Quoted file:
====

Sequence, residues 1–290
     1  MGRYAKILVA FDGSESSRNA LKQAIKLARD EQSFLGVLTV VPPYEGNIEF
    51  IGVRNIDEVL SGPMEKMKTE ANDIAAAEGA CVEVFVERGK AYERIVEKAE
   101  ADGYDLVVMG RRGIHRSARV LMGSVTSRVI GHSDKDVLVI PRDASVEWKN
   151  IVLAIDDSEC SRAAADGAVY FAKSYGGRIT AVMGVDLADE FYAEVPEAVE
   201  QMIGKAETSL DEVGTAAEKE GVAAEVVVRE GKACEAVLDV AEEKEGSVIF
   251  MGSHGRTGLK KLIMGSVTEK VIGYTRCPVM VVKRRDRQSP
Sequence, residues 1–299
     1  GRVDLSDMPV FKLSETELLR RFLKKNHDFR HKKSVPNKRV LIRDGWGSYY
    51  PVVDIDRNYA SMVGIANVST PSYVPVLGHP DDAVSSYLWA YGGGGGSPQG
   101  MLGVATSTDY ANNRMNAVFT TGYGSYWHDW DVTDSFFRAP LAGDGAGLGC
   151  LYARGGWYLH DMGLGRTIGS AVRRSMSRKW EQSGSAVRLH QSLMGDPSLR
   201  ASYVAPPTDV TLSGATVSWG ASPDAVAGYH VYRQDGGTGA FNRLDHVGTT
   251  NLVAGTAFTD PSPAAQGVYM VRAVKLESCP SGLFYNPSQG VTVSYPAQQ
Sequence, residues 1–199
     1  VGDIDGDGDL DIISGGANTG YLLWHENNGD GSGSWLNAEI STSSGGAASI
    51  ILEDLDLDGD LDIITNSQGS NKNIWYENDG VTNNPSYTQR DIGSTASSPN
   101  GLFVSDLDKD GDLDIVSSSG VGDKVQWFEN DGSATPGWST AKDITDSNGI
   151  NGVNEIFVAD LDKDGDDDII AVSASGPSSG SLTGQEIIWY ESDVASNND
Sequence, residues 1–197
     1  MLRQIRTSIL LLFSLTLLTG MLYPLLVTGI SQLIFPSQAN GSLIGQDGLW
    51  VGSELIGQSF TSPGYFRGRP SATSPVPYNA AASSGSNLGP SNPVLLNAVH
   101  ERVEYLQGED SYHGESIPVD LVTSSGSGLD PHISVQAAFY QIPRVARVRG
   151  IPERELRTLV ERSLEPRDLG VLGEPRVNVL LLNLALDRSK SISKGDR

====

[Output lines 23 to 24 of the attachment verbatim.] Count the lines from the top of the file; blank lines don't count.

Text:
   101  ERVEYLQGED SYHGESIPVD LVTSSGSGLD PHISVQAAFY QIPRVARVRG
   151  IPERELRTLV ERSLEPRDLG VLGEPRVNVL LLNLALDRSK SISKGDR